Leo Köpernick (Adrien Brody) is a sleazy slimeball of an American film director (redundant, I know) who has his sights set on turning The Mousetrap into a hit motion picture. That previously noted clause about the show being forced to close before this can even be a possibility is at the forefront of the minds of many involved, but theatre producer Petula Spencer (Ruth Wilson) assures him that the play has already reached its 100th performance and surely it will run out of steam soon, espousing the idea that a narrative with a whodunit at its core will, by its nature, see few repeat visitors and will necessitate closure sooner than later. Although we the viewers are sufficiently distant from this event that this is an historical irony for us, the contemporary American studio system is so confident that they already have Mervyn Cocker-Norris (David Oyelowo) working on a screenplay. Cocker-Norris’s English sensibilities and sense of adaptational faithfulness brings him into conflict with the flashy Köpernick, although the former is not alone in his distaste for the latter: British film producer John Woolf (Reece Shearsmith) is also protecting a scandalous secret about which Köpernick is blackmailing him; Köpernick is rude to all members of waitstaff everywhere, which includes the put-upon usher Dennis Corrigan (Charlie Cooper); and, mere moments before his murder at the ten minute mark, he is decked by Richard “John ‘Spared no expense’ Hammond” Attenborough (Harris Dickinson), who portrays the lead in The Mousetrap, for flirting with his co-star and wife Ann Saville (Pippa Bennett-Warner). The investigation of his death necessitates the appearance of Inspector Stoppard (Sam Rockwell), the archetype of the drunken detective who plays fast and loose with the rules; due to a shortage of available partners, he is paired with Constable Stalker (Saoirse Ronan), a plucky, energetic up-and-comer who is mere months away from being the first woman to take the sergeant’s exams.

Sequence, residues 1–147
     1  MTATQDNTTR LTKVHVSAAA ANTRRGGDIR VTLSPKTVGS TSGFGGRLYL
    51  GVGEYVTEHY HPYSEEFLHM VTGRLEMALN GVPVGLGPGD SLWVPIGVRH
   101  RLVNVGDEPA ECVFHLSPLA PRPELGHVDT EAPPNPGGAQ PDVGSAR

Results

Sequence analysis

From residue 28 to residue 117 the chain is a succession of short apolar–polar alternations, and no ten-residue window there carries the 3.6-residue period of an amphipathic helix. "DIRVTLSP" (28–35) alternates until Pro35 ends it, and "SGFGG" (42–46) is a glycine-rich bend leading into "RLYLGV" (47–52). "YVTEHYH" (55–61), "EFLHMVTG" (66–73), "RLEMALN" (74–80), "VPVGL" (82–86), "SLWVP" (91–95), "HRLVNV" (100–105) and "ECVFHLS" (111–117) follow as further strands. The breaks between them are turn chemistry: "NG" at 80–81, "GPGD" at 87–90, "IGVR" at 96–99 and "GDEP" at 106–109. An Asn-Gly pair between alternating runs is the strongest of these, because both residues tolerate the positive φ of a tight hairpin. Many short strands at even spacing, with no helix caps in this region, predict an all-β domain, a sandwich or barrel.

This is a neat little movie that makes sense in and of itself but also functions as a love letter to Christie and to her longtime fans, a body of which I consider myself to be a member. For instance: a scene in which the excitable Stalker asks a hotelier what part of France he is from based on the fact that he speaks French only to receive a deadpan response that he is Belgian is a fun comic bit in and of itself, but it’s also a nod to fans of Christie’s Belgian detective Hercule Poirot, who often finds himself on the receiving end of this exact misunderstanding. There’s also a good running gag about Hamlet: Early on, Attenborough says of The Mousetrap “It’s not exactly Hamlet.” Later, Stoppard half-quotes Act II Scene II’s famous ending line “The play’s the thing” [“Wherein I’ll catch the conscience of the King”], spoken when Hamlet commits himself to obtaining evidence of his uncle Claudius’s guilt through an elicitation of a confession upon seeing a fictionalization of Hamlet’s father’s murder. This is itself a circular reference, as not only does it reveal that Stoddard has realized that the connection between the murder of Köpernick may actually have to do with the play’s content, not its performance as initially suspected, but the word “mousetrap” likely comes from Hamlet in the first place as Hamlet refers to the play as a mousetrap in Act III Scene II (line 2131), in what may be the invention of the term. Your mileage is likely to vary on certain comic elements, of course; whether or not you find it clever that Cocker-Norris disdains screenplays that include flashbacks as crass and artless moments before one occurs in his narration is going to be left up to the individual viewer. I find his asking of “Whatever next? A caption that says, ‘Three weeks later’?” juxtaposed with that very caption to be charming and fun, but I know that others will find it to be more of a moment of bathos.